Awesome! Thanks Henrik and Alex.

Henrik - Yes, that's what I was envisioning. Thank you for the quick update
to the repository.

Alex - I hadn't thought about calling a shell - thanks for pointing this

The main use case is that I'm calling a combination of command line tools
to pull in data that can be represented as text and I need to do some
postprocessing such as aggregations or comparisons of the same data at
different snapshots.

I've traditionally been using a combination of awk, sed, grep and small
python snippets and the various internal command line tools my company has
to access and process the data.

These are mostly ad hoc, but it's always nice to be able to replicate the
process on a fresh data set at a later point without much effort.

Maybe I should also mention that I'm coming from a mostly
Java/JavaScript/Python background and have been on a journey exploring
Scala, some Clojure, Common LISP and now PicoLisp. I've been most impressed
by PicoLisp and it's general philosophy of simplicity and not imposing any
restrictions on its user - it's been a very humbling, but rewarding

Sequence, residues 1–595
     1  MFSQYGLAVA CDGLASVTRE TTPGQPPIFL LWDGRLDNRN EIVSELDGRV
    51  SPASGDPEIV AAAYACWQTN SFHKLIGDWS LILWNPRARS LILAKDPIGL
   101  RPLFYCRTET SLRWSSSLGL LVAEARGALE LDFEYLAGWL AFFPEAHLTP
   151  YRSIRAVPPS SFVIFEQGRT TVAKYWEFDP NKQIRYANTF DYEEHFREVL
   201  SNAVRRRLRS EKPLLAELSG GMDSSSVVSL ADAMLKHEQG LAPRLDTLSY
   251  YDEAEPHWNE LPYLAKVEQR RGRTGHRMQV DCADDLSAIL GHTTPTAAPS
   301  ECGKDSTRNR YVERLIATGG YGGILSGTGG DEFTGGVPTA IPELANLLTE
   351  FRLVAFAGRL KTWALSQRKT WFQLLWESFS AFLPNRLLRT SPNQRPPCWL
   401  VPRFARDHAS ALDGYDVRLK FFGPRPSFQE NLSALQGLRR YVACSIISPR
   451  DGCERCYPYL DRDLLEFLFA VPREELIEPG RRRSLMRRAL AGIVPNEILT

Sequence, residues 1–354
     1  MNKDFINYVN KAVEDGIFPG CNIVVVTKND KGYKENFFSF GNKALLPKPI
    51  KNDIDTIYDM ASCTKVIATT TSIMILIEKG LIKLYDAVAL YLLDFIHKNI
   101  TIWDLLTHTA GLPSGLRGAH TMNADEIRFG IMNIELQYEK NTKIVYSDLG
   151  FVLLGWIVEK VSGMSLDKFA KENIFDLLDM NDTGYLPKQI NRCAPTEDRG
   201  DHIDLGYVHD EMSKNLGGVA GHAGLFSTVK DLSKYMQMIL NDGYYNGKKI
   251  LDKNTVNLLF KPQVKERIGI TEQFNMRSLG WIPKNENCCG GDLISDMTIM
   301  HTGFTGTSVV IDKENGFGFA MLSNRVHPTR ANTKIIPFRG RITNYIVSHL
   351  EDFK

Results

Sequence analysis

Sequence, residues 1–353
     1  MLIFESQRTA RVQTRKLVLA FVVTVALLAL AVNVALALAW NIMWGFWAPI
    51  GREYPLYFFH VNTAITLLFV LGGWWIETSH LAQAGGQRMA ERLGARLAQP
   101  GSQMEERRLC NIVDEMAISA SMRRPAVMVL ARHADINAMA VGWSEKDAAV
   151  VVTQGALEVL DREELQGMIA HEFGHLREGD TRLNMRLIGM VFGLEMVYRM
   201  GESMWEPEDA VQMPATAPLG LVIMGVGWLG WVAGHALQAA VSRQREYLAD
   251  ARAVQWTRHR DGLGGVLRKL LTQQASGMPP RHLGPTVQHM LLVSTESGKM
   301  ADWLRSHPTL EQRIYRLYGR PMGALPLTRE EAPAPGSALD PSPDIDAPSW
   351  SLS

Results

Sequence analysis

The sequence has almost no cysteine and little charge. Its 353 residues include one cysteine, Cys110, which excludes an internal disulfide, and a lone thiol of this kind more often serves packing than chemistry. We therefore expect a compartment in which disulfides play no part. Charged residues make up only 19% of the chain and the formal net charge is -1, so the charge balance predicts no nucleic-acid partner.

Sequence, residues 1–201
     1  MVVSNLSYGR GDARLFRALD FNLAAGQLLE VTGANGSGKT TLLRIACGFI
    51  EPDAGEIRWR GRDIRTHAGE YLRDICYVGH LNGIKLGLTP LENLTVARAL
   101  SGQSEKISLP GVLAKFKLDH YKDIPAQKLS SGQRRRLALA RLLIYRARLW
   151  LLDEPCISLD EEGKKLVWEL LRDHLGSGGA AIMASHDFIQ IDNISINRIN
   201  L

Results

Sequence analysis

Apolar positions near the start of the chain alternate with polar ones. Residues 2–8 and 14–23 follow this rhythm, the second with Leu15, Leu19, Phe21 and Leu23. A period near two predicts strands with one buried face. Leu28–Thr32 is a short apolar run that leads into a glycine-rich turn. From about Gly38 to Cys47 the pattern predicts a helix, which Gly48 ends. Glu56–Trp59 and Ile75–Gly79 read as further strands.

experience so far.

Thanks again for the warm welcome everyone and I'm always interested in
learning how others incorporate Pico into their workflow.


On Thu Apr 17 2014 at 10:16:16 AM, Alexander Burger <>

> Hi Simon,
> > What I'm really trying to do is have an easy way to invoke arbitrary
> shell
> > commands that may be piped, process the result in pico and maybe use that
> > as the input for another command.
> >
> > I haven't found a generic example yet that doesn't specify the command
> > specifically that allows arbitrary piping and still gives you access to
> > intermediary results.
> The most general way is to use the 'in' function in combination with an
> invocation of the system shell ('bash' usually). This has more overhead
> than direcly calling commands, but allows you to use all features of the
> shell.
> For example
>    (in (list "sh" "-c" (pack "cmd1 -i" Var1 " -x " Var2 " | cmd2"))
>       (while (line)
>          ... ) )
> Here the 'while' loop assumes that there are no empty lines. Instead you
> may want to do
>       (until (eof)
>          ...
>          (line)
>          ... )
> It is hard to give a general rule, it depends a lot on what you want to
> do. Perhaps you can post a concrete problem?
> ♪♫ Alex
> --

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